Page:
For guided meditation to train noting speed, no feedback loop possible between student and trainerFor guided meditation to train noting speed, access to direct feedback between student and trainer (eg. play a sound, note sound) makes it easy to increase and ascertain maximum noting speed.
Low potential for verifiable, measurable markers of progress (no data)High potential for verifiable, measurable markers of progress (big data)


Some questions:

  • Does anyone know if, traditionally, there are also forms of labeling using muscle-memory? For example hitting a different drum for different sensations, or assigning a different sensation to focus on for each bead in a bracelet, etc?
  • Does anyone know if there is ever much feedback between students and teachers regarding what sensations the student has?
  • What is the current state of research on Vipassana sensations? Are we already collecting such data with smaller groups of students?
I think many people might be averse to such an idea because they are attached to the form of the smartphone as being incompatible with meditation’s goals. ("Isn't the goal of meditation to get away from the smartphone?") However with more tech adoption like meditation apps, I think this idea is changing. The foreseeable trend is more acceptance that the form is empty, and the tool’s usefulness is what matters in the context of meditation technology. Therefore I believe noting with a smartphone is an inevitable trend since it serves the same purpose as noting with thought with the added benefit of data collection, and data collection will become more valuable over time.

  • Can you play devil’s advocate and find holes in my thoughts?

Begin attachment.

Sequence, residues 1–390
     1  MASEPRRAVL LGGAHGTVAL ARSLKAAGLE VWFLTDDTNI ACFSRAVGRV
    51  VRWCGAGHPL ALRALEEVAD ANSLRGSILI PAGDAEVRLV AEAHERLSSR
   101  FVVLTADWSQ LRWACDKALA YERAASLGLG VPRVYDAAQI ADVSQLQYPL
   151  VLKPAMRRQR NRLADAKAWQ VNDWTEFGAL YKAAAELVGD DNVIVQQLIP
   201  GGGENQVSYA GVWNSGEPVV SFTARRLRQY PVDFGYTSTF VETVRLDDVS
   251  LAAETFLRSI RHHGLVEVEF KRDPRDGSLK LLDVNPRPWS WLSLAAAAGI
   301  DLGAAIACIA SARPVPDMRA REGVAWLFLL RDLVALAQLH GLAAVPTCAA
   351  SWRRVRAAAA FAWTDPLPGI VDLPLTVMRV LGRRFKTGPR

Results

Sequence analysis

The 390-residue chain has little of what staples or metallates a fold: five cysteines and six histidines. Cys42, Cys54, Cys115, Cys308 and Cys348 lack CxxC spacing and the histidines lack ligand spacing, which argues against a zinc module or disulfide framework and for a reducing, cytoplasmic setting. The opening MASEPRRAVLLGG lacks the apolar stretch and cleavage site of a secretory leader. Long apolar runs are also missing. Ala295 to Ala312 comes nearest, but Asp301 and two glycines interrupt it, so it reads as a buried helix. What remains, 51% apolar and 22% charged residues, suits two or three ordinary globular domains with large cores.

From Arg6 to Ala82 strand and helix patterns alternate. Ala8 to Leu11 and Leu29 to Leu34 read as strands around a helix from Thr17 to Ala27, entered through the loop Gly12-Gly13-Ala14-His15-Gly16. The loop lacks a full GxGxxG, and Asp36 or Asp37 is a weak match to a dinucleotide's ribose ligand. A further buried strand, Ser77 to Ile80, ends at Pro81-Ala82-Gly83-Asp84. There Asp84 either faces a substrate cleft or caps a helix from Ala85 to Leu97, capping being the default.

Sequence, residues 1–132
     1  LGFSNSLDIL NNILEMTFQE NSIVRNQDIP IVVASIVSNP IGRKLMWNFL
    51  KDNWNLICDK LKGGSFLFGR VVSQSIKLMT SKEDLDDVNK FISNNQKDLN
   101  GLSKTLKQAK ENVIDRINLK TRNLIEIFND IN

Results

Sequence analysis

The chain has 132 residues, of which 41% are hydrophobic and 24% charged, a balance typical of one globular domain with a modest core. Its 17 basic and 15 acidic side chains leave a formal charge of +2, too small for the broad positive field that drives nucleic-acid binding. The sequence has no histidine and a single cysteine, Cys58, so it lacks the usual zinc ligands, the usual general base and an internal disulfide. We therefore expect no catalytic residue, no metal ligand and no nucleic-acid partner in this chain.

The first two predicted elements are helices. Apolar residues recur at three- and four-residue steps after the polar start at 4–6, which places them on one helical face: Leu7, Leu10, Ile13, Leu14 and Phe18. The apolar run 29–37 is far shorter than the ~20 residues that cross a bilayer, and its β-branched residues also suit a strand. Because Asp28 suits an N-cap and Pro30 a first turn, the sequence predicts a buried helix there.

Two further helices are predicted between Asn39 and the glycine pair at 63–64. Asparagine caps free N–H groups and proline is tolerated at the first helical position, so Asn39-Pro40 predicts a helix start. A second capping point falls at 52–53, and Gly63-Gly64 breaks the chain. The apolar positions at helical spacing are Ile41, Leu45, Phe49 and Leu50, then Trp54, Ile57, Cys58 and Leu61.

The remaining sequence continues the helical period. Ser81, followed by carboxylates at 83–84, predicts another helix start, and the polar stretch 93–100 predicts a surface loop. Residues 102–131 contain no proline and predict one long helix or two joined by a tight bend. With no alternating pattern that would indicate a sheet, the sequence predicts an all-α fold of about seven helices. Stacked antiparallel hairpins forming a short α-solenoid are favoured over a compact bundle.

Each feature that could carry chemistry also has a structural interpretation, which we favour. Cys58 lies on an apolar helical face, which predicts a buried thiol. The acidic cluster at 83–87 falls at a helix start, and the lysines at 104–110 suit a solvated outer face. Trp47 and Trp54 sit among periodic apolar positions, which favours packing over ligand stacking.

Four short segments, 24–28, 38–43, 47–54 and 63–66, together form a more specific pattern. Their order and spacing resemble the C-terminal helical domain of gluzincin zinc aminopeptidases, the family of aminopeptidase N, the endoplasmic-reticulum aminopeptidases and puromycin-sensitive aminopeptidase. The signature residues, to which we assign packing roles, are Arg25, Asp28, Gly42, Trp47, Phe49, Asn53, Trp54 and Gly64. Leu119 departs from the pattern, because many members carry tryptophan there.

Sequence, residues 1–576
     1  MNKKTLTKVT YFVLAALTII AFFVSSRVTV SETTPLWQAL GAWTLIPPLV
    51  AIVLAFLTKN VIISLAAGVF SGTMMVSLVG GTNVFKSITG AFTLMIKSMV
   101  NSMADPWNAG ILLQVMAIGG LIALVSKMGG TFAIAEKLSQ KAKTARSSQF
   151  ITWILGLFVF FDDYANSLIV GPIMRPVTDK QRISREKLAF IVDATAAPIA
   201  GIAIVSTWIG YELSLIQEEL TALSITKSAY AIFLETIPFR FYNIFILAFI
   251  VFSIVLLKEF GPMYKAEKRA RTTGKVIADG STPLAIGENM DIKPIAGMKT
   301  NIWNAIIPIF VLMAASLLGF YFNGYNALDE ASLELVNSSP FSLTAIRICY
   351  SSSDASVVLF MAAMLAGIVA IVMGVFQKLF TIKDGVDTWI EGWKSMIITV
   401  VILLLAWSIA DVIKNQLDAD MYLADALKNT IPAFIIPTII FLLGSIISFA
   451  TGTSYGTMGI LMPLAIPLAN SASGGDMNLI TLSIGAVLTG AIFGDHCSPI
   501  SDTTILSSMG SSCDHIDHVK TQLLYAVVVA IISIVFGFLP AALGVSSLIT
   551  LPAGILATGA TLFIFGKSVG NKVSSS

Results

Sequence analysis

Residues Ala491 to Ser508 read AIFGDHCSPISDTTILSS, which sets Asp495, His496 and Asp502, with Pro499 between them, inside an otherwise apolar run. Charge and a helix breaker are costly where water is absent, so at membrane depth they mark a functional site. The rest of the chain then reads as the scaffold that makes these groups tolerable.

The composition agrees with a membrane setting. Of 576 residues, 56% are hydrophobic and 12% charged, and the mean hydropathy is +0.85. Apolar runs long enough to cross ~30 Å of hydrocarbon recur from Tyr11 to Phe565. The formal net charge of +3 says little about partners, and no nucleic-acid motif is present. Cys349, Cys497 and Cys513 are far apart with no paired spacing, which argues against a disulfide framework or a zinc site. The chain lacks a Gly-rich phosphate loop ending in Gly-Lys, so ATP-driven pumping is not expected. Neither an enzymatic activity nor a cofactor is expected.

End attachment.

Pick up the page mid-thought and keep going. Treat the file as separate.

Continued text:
• Do you disagree with any of the pros / cons?
  • Do you think this is useless or dislike the idea, why?
  • Any general opinions, suggestions, comments, questions, other?
Thx

RE: Label with thought vs. muscle-memory, what do you think?
Answer
11/30/19 4:50 PM as a reply to Anton.
I think this is a really interesting idea and well worth exploring. I'm too tired tonight for giving any elaborate feedback, but I spontaneously thought of one thing: assigning labels through muscle movements is conceptual thinking just like using mental oral talk is. There are sign languages after all. It probably partly activates different parts of the brain, but it would still be thinking noting thinking. Yet, other advantages might make it worthwhile. 

RE: Label with thought vs. muscle-memory, what do you think?
Answer
12/1/19 4:32 AM as a reply to Linda ”Polly Ester” Ö.
Hi Linda emoticon thanks for your reply. I did not make the link to sign language but it seems valid and insightful.

When you say "conceptual thinking" does that line up with this definition of Vitarka?

Ulrich Timme Kragh explains vitarka (discernment) and vicāra (discursiveness), as understood by the Yogācārabhūmi-Śāstra, thus: Discernment is "the cognitive operation that is responsible for ascertaining what is perceived by the senses by initially labeling it with a name", while Discursiveness is "the subsequent conceptual operation of deciding whether the perceived sense-object is desirable and what course of action one might want to take in relation to it."